Tue, 07/12/2011 - 16:10 | 1449223 Temporalist
Temporalist's picture

Unfortunately voting in corruption is not something people can control.  It should be obvious to most that if the media is pushing a candidate they are likely corrupt or just a cog in the machine.  Even smart people thought Obama would be different and now know better.

Vote for NO PARTY or vote for the people that are not supported by the party-heads.

Tue, 07/12/2011 - 16:59 | 1449454 r101958
r101958's picture

Vote for a write in candidate.

Tue, 07/12/2011 - 15:50 | 1449129 apberusdisvet
apberusdisvet's picture

The Irish need to default and then resurrect the Irish pound; the 100 pound note should have a smiling Irish Leprechaun assfukking a bent over Juncker.

Tue, 07/12/2011 - 15:53 | 1449139 Cassandra Syndrome
Cassandra Syndrome's picture

Nice one! We can get Williambanzai7 to design it!

Tue, 07/12/2011 - 15:52 | 1449136 Cassandra Syndrome
Cassandra Syndrome's picture

We have lots of Gold in care of our leprechauns. Tiddly, aye, aye contagion Bitchez!!! Thanks for all the liquidity Ben, now fuck off!

Tue, 07/12/2011 - 15:54 | 1449143 Infinite QE
Infinite QE's picture

Where's the IRA? They need to to reactivate and chase the shysters....

Tue, 07/12/2011 - 16:00 | 1449170 Misean
Misean's picture

Aye

Tue, 07/12/2011 - 15:55 | 1449149 BeerWhisperer
BeerWhisperer's picture

Are we witnessing a pissing match between two strong allies? U.S. vs. E.U. Winner gets Chinese  bail outs. Step right up folks....

Tue, 07/12/2011 - 15:55 | 1449150 Seasmoke
Seasmoke's picture

hopefully this will lower the price of Guinness, if not, this not good !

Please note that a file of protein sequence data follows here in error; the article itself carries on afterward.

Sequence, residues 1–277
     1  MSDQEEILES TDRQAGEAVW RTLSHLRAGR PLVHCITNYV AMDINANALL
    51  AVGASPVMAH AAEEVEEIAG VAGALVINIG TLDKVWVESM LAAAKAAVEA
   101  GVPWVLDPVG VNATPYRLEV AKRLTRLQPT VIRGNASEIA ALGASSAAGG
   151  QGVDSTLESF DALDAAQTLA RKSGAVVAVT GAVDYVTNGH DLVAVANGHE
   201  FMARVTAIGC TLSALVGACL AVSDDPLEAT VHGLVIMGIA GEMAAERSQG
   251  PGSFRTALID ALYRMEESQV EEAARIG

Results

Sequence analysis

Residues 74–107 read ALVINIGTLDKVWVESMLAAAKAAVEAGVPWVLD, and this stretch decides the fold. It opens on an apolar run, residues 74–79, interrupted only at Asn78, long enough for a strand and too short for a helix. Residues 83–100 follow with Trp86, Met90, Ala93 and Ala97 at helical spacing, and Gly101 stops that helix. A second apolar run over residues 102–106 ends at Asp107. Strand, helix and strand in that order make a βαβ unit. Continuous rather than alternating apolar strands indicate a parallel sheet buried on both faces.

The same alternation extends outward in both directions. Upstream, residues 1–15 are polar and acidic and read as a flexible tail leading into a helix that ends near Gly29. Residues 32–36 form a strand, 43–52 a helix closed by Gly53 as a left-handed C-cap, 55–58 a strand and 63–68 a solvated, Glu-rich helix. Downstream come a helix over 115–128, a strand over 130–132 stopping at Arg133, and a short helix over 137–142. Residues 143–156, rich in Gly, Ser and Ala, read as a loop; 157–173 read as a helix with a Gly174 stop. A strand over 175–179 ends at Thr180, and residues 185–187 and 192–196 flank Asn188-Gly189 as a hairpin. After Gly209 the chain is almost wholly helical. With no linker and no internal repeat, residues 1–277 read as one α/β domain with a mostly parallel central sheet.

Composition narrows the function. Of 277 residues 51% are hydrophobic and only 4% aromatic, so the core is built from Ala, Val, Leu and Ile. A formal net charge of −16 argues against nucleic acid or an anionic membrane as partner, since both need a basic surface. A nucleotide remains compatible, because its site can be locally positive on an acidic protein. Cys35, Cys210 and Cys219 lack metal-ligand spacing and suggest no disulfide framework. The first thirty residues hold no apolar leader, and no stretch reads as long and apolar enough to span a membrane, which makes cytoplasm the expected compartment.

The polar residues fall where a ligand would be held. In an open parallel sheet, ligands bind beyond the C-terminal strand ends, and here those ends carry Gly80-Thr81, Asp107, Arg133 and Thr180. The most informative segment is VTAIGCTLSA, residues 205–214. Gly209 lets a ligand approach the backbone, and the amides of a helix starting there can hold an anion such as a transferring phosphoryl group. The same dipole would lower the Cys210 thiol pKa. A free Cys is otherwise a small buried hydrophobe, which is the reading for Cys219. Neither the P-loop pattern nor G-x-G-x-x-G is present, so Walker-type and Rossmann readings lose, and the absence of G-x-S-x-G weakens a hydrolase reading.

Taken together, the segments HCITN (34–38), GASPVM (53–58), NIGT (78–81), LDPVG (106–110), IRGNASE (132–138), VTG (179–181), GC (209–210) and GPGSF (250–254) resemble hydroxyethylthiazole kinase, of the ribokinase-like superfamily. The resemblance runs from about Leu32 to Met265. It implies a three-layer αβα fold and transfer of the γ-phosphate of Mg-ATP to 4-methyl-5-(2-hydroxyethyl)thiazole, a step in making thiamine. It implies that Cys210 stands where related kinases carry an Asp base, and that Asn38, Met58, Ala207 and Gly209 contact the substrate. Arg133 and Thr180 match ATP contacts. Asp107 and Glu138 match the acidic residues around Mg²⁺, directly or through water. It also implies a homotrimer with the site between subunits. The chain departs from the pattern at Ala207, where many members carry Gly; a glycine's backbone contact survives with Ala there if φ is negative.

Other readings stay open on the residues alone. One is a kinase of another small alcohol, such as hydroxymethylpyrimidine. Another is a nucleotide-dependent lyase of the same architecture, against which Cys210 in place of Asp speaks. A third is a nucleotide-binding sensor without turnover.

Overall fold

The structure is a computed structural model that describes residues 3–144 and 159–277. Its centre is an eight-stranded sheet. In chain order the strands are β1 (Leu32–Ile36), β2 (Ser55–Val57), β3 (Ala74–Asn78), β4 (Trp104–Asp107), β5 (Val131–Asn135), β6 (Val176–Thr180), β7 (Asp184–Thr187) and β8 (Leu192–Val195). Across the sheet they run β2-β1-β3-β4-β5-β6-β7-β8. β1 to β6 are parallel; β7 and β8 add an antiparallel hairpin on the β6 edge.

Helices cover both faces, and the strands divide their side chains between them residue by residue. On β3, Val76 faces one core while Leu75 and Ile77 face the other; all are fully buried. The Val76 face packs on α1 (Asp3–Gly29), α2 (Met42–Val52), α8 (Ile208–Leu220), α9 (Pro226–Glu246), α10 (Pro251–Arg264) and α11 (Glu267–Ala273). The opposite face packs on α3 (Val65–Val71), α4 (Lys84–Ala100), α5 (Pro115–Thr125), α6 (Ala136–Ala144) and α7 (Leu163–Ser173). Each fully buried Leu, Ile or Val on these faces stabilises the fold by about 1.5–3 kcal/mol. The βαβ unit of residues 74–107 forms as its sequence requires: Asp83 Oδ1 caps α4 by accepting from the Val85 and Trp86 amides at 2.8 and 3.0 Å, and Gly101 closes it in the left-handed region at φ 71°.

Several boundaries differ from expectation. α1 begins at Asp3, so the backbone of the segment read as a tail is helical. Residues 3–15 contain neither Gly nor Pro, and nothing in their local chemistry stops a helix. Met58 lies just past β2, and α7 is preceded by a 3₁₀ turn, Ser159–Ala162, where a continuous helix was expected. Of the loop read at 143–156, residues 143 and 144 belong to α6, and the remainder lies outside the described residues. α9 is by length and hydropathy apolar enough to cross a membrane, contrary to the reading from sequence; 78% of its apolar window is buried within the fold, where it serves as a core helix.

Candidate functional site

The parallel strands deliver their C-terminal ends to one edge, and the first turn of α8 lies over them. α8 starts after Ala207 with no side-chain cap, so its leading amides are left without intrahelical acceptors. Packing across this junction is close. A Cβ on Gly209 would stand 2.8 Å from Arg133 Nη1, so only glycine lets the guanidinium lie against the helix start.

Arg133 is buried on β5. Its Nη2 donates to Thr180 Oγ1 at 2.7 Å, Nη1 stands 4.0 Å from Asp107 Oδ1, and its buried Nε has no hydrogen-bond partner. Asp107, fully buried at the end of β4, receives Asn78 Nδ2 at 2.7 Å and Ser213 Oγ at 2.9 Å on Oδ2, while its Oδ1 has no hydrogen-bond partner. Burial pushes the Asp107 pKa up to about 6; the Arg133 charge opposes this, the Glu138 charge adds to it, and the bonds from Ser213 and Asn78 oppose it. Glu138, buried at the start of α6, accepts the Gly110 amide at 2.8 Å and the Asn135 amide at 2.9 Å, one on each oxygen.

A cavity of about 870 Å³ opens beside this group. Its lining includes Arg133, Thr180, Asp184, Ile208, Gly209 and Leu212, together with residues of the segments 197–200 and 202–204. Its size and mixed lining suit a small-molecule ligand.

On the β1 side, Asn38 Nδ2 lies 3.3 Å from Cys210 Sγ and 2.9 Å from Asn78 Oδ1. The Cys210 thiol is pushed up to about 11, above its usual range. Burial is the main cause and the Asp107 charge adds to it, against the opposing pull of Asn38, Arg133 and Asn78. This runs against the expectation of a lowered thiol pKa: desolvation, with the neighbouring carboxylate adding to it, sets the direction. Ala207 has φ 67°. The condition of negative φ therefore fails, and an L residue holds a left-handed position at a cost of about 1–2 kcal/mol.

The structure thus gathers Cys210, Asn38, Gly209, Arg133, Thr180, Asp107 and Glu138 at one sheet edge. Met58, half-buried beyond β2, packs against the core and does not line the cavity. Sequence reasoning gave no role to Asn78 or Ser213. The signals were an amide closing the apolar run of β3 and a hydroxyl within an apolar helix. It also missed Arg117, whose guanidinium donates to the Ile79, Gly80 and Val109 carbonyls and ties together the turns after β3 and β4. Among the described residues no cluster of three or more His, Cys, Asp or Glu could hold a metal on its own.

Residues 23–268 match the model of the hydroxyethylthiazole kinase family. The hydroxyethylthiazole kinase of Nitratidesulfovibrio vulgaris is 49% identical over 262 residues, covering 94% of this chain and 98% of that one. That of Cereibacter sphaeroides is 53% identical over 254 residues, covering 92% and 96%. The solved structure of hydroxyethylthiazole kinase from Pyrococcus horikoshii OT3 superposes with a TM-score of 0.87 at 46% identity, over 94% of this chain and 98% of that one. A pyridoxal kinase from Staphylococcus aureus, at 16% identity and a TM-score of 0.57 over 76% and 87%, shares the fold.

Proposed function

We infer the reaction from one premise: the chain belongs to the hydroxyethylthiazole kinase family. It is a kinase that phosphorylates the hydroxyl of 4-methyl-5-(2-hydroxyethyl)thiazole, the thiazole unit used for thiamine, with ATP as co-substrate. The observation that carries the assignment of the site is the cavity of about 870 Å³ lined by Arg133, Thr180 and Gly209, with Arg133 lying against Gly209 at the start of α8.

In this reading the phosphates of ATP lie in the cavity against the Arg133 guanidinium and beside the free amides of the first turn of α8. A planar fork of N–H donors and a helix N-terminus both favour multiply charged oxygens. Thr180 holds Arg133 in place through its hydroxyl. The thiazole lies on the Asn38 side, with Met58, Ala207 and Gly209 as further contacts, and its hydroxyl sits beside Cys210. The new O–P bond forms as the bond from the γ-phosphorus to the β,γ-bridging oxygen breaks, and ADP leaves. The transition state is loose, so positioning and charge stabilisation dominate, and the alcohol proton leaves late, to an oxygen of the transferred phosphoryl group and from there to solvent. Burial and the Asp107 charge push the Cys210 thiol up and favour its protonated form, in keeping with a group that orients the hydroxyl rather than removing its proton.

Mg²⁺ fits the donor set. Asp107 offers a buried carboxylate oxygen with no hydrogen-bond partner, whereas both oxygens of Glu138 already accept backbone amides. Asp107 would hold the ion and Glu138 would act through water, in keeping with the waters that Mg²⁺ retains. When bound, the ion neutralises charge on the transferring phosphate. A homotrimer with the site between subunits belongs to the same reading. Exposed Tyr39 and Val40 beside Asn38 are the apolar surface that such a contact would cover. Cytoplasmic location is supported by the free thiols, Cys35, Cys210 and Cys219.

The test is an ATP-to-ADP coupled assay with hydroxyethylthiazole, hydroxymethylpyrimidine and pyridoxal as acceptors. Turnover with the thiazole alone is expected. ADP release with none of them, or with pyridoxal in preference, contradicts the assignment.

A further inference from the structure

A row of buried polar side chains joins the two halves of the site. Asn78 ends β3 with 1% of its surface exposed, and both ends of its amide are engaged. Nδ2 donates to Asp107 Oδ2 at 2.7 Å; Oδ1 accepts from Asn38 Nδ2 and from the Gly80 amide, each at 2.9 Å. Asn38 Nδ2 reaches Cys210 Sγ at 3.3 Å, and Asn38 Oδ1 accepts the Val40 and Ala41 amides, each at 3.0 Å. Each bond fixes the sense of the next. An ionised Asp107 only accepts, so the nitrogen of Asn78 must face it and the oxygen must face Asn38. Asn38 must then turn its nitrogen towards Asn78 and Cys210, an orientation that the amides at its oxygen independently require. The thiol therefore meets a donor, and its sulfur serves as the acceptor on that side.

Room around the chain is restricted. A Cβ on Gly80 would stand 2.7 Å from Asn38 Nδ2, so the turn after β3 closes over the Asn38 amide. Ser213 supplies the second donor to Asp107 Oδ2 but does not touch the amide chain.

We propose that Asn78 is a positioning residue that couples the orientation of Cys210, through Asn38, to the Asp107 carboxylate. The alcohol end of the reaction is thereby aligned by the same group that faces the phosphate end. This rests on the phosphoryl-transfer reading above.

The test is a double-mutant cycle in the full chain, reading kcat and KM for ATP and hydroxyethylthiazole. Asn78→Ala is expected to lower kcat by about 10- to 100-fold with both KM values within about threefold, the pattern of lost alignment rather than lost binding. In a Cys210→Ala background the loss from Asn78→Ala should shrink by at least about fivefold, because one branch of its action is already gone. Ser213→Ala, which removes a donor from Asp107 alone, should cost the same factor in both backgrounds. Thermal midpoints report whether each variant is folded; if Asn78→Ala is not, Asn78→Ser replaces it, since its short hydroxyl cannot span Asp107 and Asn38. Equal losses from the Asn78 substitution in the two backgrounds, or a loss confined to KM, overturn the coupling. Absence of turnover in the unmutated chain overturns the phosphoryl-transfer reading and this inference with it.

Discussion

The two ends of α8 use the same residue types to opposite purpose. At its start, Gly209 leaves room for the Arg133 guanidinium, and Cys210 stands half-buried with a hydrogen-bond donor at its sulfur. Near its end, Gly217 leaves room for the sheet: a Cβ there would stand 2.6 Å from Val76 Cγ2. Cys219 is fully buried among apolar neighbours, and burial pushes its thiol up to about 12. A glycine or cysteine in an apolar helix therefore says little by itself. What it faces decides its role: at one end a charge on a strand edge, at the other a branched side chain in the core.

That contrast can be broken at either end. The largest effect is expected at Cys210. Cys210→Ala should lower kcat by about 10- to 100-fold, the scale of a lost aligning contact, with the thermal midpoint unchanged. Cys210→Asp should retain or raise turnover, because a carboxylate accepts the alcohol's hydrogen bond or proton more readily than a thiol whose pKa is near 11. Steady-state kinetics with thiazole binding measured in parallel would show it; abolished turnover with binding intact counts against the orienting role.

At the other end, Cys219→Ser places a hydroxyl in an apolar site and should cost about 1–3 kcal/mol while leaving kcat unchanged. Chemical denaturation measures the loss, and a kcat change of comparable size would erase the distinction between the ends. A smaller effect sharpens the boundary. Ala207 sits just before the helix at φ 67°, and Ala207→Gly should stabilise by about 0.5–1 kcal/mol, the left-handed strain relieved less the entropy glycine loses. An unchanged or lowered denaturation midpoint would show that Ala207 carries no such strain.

Tue, 07/12/2011 - 16:11 | 1449230 Temporalist
Temporalist's picture

The recent trend in Ireland has been to wine not brews.

Tue, 07/12/2011 - 18:21 | 1449716 caerus
caerus's picture

Wine comes in at the mouth

And love comes in at the eye;

That's all we shall know for truth

Before we grow old and die.

I lift the glass to my mouth,

I look at you, and I sigh.

- Yeats

 

 

Tue, 07/12/2011 - 15:57 | 1449156 The Count
The Count's picture

It's curtains for Europe and us in the very near future. Who ever did not prepare will be very, very, sorry. Many still think its all academic, the consequences will be real.

 

 

Tue, 07/12/2011 - 15:57 | 1449160 docj
docj's picture

The default parade is back on track.

Tue, 07/12/2011 - 15:59 | 1449165 ziggy59
ziggy59's picture

Downgrades are transitory and not to be used for shorting or bank runs..incredibull Jedi knight stuff

Tue, 07/12/2011 - 15:59 | 1449166 Misean
Misean's picture

Long molotov cocktails.

Tue, 07/12/2011 - 16:02 | 1449186 luigi
luigi's picture

Moody's, you're nothing but much talk and a badge! :D

Tue, 07/12/2011 - 16:03 | 1449193 chancee
chancee's picture

As usual, SPY breaks through support only to be magically propped on massive volume.  Same as this morning... of course, the massive volume never serves to push SPY higher, only keep it from going lower.  Strange.

Tue, 07/12/2011 - 16:15 | 1449240 BoNeSxxx
BoNeSxxx's picture

does anyone not think the downgrade if ireland along with all the other dire news from the eu may be related to better than expected us treasury auctions without the backstop of the fed?  seems too coincidental to me...

Tue, 07/12/2011 - 16:24 | 1449272 magpie
magpie's picture

expect the, uh, better than expected...

Tue, 07/12/2011 - 16:23 | 1449241 redguard
redguard's picture

.

Tue, 07/12/2011 - 16:26 | 1449281 ThirdCoastSurfer
ThirdCoastSurfer's picture

The only true consumptive (in more ways than one) economy is the US. All others depend on the US. Just look at the trade balance, we only run a surplus with maybe Australia.